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The Financials of Xbox Live 35

Posted by Zonk
from the bucks-from-points dept.
Via GameSetWatch, a post exploring the cost and payoff from an Xbox Live game. From the article: "Let's say you are a publisher or a developer that is able to fund your own development, so, a $10 game (800 Gamer Points) would net you $6.50, or 120,000 units * $6.50 per unit = $780,000. Again, if you are a starving Indie developer this sounds like an infinite amount of money. But, in the world of publishers, this is not considered a big hit."
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The Financials of Xbox Live

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  • by MBraynard (653724) on Tuesday September 19, 2006 @06:48PM (#16141884) Journal
    Want to eventually be a super dev but don't have the budget to fund your dream project?

    Sell your car and raise some money from friends and make a cell phone game. Or a portal game. Or now an XBL game. Make enough money from that to make another two causal games. Next you can do maybe a budget title with a respectable publisher.

    Do a good job, you have self-generated the capital to do the blockbuster.

    Yeah yeah, money isn't everything in making a great game, but it sure helps a lot when you have an expansive vision that requires artists, writers, programmers, etc.

  • by Blakey Rat (99501) on Tuesday September 19, 2006 @06:57PM (#16141947)
    This article refers to a Xbox Live Arcade game. Not a regular game that happens to support Xbox Live.
    • by MeanMF (631837)
      Not pointless at all...there's a HUGE difference between an Xbox Live Arcade game and a standard Xbox 360 title. The headline should be changed.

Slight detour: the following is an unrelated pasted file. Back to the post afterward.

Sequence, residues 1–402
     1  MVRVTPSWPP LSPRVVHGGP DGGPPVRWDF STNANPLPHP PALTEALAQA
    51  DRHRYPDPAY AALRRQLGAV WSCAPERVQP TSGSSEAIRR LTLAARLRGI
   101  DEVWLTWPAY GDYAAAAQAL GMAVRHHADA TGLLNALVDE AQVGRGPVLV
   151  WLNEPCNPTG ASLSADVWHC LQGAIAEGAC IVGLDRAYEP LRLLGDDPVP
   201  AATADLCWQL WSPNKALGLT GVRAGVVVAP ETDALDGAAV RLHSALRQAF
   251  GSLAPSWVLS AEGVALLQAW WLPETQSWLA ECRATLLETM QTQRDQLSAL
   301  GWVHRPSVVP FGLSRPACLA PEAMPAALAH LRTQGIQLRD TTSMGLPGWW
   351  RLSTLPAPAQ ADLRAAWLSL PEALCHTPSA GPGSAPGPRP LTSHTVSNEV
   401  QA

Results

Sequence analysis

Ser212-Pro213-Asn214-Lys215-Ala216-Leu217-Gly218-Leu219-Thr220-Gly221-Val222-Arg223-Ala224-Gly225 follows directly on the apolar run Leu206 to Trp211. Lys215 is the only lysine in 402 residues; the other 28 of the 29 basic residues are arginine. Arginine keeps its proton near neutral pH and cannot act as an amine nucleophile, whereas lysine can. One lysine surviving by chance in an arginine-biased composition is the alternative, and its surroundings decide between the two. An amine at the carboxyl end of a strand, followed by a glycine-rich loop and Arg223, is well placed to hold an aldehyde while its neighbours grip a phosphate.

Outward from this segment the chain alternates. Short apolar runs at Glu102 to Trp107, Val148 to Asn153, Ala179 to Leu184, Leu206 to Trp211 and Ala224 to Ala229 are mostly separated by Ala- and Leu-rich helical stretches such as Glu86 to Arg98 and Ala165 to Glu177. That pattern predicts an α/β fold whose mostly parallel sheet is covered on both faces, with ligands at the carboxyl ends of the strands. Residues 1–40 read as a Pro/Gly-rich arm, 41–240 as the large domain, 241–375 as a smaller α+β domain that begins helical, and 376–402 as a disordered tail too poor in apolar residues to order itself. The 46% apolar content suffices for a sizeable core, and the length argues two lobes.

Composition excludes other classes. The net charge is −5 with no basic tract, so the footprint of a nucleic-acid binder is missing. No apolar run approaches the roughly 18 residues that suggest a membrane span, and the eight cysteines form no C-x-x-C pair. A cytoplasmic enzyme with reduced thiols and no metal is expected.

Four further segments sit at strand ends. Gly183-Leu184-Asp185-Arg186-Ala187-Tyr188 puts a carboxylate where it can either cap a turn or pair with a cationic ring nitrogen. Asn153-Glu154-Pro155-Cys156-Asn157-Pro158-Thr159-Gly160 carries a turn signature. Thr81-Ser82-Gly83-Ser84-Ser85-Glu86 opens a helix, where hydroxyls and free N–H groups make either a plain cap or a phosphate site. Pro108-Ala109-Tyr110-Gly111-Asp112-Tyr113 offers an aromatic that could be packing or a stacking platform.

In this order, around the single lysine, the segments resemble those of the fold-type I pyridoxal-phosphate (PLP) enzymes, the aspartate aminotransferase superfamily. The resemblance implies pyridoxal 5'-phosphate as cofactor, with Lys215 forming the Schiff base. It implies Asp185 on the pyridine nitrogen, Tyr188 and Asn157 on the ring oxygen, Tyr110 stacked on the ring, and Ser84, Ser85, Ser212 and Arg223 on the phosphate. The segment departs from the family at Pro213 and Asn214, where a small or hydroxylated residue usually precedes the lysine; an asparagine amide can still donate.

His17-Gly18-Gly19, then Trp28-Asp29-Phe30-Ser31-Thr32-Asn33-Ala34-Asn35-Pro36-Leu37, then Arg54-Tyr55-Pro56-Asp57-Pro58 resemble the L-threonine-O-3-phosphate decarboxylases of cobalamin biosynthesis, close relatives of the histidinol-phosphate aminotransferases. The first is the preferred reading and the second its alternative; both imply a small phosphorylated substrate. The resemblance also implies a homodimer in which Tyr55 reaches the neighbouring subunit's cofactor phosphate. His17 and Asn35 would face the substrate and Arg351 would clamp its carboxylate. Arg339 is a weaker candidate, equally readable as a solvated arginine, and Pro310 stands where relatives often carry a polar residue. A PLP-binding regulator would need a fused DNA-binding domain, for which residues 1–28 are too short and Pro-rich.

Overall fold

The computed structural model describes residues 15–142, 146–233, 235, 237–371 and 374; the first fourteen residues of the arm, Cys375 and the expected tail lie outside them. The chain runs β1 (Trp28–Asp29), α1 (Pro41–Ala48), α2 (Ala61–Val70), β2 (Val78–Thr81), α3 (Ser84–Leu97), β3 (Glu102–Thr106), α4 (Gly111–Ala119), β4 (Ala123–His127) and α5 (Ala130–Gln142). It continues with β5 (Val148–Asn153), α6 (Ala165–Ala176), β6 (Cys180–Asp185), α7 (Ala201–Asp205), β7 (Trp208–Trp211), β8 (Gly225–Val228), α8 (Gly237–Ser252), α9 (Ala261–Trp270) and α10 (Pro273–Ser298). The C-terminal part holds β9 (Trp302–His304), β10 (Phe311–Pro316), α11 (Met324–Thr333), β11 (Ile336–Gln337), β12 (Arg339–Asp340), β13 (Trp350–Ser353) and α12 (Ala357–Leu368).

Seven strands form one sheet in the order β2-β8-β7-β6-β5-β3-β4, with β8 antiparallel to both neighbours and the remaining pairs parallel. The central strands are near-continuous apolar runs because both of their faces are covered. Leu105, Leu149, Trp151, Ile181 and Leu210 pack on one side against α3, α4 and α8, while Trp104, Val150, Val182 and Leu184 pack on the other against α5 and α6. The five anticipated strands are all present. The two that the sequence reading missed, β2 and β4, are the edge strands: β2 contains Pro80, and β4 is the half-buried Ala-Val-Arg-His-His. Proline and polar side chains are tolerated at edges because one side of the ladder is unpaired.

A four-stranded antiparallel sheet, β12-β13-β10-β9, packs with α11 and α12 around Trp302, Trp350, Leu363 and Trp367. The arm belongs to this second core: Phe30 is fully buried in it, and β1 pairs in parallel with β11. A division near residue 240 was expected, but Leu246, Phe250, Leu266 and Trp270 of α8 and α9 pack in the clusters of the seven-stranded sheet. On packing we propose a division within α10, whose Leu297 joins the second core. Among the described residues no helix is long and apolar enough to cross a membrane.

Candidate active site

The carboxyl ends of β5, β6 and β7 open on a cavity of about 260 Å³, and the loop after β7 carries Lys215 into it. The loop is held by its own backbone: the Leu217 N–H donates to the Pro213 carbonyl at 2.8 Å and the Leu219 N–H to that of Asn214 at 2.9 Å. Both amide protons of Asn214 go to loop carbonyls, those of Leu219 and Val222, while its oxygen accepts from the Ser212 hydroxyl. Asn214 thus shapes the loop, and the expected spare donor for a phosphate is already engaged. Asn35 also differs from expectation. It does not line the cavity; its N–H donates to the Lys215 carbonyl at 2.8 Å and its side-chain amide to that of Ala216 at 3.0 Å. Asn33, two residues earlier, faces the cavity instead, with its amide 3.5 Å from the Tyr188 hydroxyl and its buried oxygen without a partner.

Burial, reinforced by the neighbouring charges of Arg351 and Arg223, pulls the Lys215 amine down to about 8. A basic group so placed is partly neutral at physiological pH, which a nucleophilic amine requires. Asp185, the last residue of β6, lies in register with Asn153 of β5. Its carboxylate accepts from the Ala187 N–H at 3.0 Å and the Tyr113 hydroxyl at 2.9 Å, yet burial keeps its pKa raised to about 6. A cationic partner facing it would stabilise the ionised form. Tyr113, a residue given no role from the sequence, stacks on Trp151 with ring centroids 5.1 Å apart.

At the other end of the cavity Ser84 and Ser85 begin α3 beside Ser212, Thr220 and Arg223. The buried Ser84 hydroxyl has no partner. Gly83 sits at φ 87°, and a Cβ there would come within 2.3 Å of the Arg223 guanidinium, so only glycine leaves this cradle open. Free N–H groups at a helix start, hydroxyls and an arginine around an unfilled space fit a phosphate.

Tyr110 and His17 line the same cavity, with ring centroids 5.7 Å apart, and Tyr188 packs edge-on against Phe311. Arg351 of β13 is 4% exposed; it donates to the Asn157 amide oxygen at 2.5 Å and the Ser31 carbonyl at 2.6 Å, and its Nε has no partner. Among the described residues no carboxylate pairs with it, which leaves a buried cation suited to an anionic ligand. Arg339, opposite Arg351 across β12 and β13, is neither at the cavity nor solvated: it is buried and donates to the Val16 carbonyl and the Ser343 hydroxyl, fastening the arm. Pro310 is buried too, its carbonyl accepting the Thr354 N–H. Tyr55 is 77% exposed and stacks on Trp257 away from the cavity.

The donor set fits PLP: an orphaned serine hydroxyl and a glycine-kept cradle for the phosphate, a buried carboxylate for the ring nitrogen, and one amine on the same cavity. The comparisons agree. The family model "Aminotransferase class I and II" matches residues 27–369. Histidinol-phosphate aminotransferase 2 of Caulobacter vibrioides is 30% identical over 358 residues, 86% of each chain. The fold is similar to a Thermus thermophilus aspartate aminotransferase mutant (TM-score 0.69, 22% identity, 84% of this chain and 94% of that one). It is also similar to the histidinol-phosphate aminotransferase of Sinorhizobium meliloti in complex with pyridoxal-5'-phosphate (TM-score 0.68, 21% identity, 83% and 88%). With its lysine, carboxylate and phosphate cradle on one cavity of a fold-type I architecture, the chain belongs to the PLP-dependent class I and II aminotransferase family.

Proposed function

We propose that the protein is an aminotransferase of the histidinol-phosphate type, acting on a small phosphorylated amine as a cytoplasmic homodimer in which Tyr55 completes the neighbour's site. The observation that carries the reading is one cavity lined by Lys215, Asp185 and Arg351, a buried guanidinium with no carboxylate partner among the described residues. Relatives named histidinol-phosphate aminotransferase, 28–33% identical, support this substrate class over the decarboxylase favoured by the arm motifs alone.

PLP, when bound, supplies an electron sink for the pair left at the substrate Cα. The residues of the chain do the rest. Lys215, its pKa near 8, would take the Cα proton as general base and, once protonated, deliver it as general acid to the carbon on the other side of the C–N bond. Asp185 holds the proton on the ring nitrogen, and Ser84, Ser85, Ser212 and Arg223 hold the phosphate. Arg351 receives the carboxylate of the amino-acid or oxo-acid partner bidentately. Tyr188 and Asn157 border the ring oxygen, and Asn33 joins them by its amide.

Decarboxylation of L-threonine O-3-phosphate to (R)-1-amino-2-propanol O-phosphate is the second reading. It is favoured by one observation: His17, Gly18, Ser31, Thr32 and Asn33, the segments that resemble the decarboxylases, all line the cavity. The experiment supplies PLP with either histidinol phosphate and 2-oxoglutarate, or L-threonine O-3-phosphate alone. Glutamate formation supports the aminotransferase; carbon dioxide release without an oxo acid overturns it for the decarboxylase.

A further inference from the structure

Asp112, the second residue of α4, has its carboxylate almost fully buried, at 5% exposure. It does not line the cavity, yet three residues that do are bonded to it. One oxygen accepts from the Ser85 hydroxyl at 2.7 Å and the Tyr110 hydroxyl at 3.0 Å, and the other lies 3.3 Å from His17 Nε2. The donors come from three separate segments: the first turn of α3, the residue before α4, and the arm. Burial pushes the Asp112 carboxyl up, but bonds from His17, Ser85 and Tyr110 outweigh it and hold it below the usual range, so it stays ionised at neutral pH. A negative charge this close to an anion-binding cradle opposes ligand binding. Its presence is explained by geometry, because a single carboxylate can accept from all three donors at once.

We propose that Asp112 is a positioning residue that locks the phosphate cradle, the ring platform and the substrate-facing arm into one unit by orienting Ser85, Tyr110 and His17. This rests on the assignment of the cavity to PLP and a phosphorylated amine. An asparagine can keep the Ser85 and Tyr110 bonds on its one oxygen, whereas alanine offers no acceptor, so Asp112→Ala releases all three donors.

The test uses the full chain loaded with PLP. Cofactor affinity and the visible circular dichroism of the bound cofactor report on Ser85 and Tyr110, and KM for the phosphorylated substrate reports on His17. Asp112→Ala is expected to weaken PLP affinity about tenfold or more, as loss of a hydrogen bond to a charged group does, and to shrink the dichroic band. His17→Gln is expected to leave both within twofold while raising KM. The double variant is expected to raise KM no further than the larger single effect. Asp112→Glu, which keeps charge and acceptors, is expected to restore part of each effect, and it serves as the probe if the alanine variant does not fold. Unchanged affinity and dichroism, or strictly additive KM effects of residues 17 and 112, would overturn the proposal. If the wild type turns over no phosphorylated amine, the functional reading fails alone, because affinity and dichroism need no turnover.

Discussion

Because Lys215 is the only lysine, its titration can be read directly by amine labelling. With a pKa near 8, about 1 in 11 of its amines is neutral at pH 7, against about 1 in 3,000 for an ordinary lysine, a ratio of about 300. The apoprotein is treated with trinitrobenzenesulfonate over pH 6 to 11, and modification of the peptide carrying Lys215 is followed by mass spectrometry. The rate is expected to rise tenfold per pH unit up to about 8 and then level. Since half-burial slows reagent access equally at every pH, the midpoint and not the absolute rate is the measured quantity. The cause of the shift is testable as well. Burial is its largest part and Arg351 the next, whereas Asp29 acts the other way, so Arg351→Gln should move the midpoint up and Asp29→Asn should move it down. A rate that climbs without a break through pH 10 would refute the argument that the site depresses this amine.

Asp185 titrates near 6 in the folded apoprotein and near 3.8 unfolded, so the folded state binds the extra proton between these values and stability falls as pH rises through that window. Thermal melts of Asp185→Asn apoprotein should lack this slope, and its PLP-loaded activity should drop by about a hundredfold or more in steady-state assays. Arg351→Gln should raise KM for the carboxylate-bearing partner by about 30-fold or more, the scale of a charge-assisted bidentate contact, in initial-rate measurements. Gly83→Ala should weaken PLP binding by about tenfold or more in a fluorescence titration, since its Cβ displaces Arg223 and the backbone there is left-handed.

• Just got done shelling out $10USD for Defcon [everybody-dies.com] on the PC. I would not have paid $50-30 for it, which is usually what the going rate is for shelf space. Also an indie as far as I know. If it goes well, may buy more games that way.
    • by snuf23 (182335)
      It's listed as $17.50USD - how did you get it for $10?
      • by (H)elix1 (231155)
        Look for it on Steam. Logging in for a quick game of CS:Source, and they listed it for 9.95USD if you buy it before they release it (end of this month).
    • by MarkAD88 (971843)
      That game looks pretty nice. I couldn't find a demo, only a "demo coming soon" announcement. Do you have any idea when the demo is supposed to be released?
    • "A strange game. The only winning move is not to play. How about a nice game of chess?"
  • Will Nintendo release a (free?) devkit to make Nintendo Wi-Fi games (for the Wii and/or the DS)?

    Since they'll already have the setup in place to sell games for console emulators, why not indie games too?
    • Will Nintendo release a (free?) devkit to make Nintendo Wi-Fi games (for the Wii and/or the DS)?

      Since they'll already have the setup in place to sell games for console emulators, why not indie games too?

      I agree. The concept of the virtual console just begs for low-cost development of more casual games, which is precisely the crowd Nintendo is going for. Alas, I don't think they've announced anything like that yet, focusing more on the retro titles that many fans are looking for first (old NES, SNES, N64 gam

      • by steveo777 (183629)
        I've been thirsting to play or develop some SNES or better sprite-based games. My brother and I used to dream of making them, but then harsh reality kicked in and we both worked in a warehouse/retail/office grunting stuff for the last 7 years. I went to college for a couple years for computer science, but frankly, I sucked at it.
      • by Flame0001 (818040)
        I don't have a link, but Nintendo _has_ said that they are supporting indie developers with the Virtual Console. And the devkit costs MUCH less than a Sony/Microsoft devkit. You know, cheap enough to where an indie would buy it, but keep those that truly don't have the desire to make games out.
    • by grumbel (592662)